Triggering multiple callbacks of the same type

    We can register multiple methods for a callback. They will be chained up and executed in the same order in which they are registered. Let's have two before_validation callbacks in our Task model:

    1class Task < ApplicationRecord
    2  # previous code
    3
    4  before_validation :set_title
    5  before_validation :print_set_title
    6
    7  private
    8
    9    def set_title
    10      self.title = 'Pay electricity bill'
    11    end
    12
    13    def print_set_title
    14      puts self.title
    15    end
    16end
    17
    

    Reload Rails console and observe the following:

    1>> task = Task.new
    2>> task.title
    3#=> nil
    4
    5>> task.valid?
    6#=> "Pay electricity bill"
    

    When valid? method is called, set_title is executed first and Pay electricity bill is assigned to the title attribute. Then print_assigned_title is executed and the assigned value is printed.

    Conditionally triggering callbacks

    Let's modify our before_validation callback as follows:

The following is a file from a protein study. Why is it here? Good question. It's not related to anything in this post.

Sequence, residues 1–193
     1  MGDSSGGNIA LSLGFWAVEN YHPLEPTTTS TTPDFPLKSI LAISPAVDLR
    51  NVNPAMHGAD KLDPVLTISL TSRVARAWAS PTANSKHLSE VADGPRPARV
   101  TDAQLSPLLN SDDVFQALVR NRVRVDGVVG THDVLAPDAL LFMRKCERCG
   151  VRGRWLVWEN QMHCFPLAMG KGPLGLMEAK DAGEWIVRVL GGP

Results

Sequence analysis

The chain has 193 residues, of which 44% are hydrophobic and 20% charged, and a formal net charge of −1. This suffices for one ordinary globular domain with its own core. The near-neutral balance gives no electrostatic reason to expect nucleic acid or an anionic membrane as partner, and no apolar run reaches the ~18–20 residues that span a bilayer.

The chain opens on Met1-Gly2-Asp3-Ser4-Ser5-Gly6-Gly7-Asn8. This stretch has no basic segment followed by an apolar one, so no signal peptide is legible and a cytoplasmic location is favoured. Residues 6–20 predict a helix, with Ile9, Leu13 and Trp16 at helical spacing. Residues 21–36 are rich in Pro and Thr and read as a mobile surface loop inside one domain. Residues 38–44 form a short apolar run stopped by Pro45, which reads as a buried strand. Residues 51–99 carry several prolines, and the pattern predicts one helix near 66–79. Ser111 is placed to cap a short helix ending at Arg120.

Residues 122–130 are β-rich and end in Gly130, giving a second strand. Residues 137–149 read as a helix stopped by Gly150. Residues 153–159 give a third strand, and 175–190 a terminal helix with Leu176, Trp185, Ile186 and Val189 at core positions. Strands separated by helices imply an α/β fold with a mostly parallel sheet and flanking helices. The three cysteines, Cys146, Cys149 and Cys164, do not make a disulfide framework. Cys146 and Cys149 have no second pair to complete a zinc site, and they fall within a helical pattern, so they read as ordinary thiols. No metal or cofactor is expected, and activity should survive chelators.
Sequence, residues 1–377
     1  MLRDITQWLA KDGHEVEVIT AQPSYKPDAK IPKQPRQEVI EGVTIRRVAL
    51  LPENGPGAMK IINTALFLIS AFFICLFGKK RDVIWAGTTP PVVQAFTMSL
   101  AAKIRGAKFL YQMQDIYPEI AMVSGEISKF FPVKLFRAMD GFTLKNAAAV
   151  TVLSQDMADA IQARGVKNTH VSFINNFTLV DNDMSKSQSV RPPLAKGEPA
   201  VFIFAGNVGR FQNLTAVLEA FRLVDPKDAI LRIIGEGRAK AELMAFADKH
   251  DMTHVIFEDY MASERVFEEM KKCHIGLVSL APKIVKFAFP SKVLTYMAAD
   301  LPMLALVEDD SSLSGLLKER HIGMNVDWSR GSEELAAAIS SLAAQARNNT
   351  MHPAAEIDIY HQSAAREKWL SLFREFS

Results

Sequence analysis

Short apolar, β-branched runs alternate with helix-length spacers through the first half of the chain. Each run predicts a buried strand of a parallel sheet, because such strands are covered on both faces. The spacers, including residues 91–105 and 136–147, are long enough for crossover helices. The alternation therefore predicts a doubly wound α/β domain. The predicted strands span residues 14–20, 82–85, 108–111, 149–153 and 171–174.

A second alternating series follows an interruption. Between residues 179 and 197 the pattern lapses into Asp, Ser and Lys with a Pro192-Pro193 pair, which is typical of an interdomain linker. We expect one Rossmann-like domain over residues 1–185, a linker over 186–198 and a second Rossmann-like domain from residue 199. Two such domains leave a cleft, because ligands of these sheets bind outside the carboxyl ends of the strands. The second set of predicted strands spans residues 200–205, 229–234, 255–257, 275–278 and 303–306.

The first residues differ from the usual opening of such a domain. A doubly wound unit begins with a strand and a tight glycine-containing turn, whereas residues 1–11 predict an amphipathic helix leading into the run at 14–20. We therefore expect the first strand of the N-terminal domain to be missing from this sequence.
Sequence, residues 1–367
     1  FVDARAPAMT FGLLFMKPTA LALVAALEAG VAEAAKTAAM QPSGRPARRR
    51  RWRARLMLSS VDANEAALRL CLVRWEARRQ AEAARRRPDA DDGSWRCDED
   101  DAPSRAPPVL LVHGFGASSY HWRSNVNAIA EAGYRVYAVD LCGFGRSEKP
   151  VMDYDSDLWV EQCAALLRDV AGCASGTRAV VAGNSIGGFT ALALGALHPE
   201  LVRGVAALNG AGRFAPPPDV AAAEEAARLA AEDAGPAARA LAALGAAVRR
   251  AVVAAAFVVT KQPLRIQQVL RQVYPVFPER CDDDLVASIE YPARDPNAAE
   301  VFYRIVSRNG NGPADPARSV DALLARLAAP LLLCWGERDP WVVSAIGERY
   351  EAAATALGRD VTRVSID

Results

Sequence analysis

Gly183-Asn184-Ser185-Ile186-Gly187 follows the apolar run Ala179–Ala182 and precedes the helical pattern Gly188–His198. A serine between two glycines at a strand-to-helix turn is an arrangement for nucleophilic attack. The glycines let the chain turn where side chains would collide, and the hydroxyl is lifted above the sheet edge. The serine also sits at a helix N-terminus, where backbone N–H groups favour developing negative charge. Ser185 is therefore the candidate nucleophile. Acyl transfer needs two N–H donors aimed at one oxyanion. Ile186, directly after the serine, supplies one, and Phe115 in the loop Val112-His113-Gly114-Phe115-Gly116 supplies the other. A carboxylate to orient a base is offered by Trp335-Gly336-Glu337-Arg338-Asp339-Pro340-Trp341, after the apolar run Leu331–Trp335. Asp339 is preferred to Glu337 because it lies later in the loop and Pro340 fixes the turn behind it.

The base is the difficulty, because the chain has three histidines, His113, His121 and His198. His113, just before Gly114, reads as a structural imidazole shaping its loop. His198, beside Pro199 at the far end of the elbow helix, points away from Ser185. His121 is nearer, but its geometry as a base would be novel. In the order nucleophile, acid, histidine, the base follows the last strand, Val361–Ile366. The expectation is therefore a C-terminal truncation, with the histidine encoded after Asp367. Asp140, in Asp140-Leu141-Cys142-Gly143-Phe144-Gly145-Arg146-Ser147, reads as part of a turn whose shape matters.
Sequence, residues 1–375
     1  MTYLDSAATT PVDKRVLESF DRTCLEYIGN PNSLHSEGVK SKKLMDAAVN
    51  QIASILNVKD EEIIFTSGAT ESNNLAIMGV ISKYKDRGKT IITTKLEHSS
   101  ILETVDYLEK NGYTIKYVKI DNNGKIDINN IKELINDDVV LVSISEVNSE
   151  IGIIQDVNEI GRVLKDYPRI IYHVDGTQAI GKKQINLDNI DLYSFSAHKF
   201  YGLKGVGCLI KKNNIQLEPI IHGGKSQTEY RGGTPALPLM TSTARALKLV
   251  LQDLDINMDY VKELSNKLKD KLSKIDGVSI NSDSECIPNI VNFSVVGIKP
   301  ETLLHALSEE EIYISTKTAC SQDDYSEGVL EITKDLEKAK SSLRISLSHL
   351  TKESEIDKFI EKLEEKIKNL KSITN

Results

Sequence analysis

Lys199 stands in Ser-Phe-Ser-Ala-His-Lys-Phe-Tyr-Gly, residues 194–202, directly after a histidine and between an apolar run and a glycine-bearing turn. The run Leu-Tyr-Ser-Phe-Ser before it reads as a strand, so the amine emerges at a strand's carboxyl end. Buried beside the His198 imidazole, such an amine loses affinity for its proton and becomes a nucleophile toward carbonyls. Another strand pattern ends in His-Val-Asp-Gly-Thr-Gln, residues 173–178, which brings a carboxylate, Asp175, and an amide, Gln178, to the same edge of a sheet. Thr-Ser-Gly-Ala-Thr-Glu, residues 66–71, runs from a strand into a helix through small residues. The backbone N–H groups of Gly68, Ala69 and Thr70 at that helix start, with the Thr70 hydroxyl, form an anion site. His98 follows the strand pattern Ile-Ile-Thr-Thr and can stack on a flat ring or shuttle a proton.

1before_validation :set_title, if: :title_not_present
    2
    3def title_not_present
    4  self.title.blank?
    5end
    6
    7def set_title
    8  self.title = 'Pay electricity bill'
    9end

    Here we make sure that the title is assigned a value only when title_not_present method returns true. Let's verify this behavior in Rails console:

    1>> task = Task.new(title: "This is a sample task")
    2>> task.valid?
    3#=> true
    4
    5>> task.title
    6#=> "This is a sample task"
    

    As we can see, title is not set from the before_validation callback. Similarly, we can use unless: to conditionally trigger a callback when a negative condition is provided:

    1before_validation :assign_title, unless: :title_present
    2
    3def title_present
    4  self.title.present?
    5end

    Understanding how the callbacks are triggered

    The following methods, when called on an Active Record object, trigger the above-described callbacks:

    1create
    2create!
    3destroy
    4destroy!
    5destroy_all
    6save
    7save!
    8save(validate: false)
    9toggle!
    10touch
    11update_attribute
    12update
    13update!
    14valid?
    

    save(validate: false) runs all callbacks as that of save, except validate callbacks.

    Callbacks are NOT triggered when the following methods are called:

    1decrement
    2decrement_counter
    3delete
    4delete_all
    5increment
    6increment_counter
    7toggle
    8update_column
    9update_columns
    10update_all
    11update_counters
    

    Except the title presence validation we don't need anything else to be committed in this chapter:

    1git clean -fd